LISTERIOSIS CASE STUDY – VARIATION AND LONGEVITY FOR CURRICULUM ENHANCEMENT
AbstractBoth teaching and learning from case studies enriches the engineering curriculum by connecting the classroom to real world complexities. A case study about the 2008 Listeriosis outbreak at the Maple Leaf Foods facility in Toronto was developed for the Food Process Engineering course, ChE 564. ChE 564 is a fourth-year technical elective in Chemical Engineering at the University of Waterloo (Waterloo), offered once every winter term. The Listeriosis case was developed by Waterloo Cases in Design Engineering (WCDE) from publicly-available sources.
The WCDE Listeriosis case study has been used in four offerings of ChE 564 by three instructors, from 2013 to 2016. Factors that influenced the successful transfer of teaching material are explored using instructor reflection, classroom observations, and student feedback. The three instructors reflected on these factors between each offering of the course and adapted their teaching methodologies to align with the learning outcomes for the course.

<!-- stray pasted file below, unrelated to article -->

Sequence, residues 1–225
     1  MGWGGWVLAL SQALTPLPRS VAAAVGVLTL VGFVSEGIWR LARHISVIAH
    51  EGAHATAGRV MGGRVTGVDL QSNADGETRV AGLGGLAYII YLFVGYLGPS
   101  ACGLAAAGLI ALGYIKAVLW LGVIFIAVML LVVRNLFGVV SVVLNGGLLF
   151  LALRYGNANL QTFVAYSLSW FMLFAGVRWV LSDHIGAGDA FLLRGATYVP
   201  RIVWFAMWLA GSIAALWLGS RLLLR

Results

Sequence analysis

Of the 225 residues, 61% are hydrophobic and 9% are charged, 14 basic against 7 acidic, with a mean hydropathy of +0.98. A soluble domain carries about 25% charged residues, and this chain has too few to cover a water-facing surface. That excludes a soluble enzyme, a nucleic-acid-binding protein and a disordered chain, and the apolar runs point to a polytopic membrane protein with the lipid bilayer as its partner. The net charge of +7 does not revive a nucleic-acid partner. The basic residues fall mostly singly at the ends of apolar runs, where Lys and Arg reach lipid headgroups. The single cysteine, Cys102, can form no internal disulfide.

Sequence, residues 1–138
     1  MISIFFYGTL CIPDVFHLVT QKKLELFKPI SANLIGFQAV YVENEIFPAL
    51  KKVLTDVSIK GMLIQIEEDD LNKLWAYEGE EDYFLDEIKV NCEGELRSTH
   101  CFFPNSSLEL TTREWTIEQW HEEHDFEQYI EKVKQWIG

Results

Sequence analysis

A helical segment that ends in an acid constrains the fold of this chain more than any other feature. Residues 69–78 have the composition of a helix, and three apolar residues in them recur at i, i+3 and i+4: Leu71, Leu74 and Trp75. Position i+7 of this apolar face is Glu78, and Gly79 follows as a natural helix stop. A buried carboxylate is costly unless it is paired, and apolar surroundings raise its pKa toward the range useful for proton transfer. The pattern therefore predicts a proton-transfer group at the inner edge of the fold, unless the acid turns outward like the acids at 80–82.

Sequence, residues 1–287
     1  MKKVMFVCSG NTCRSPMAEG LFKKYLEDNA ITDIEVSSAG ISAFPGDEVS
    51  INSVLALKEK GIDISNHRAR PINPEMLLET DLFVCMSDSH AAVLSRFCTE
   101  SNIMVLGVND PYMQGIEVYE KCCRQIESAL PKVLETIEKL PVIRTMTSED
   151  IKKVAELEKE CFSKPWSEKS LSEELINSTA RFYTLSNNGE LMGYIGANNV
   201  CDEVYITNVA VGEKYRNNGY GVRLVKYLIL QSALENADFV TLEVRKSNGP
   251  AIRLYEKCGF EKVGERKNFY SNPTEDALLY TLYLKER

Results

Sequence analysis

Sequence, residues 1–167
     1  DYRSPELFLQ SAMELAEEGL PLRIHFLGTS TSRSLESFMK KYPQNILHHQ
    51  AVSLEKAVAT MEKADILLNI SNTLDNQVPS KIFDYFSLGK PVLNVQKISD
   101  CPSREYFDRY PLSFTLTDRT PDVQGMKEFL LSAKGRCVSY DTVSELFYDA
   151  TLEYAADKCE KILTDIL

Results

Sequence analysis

The evolution of the WCDE Listeriosis case study and its longevity will be discussed over the four course offerings. Issues such as student expectations, the role of the instructor, the open-ended nature of the case, class size, and class engagement are discussed as well. The success and challenges of the Listeriosis case study have broader implications on the difficulties of transferring material between terms and instructors while balancing variation for different cohorts. One challenge when developing case study material is balancing the time invested with the rewards in the classroom and the uptake by different instructors and/or courses.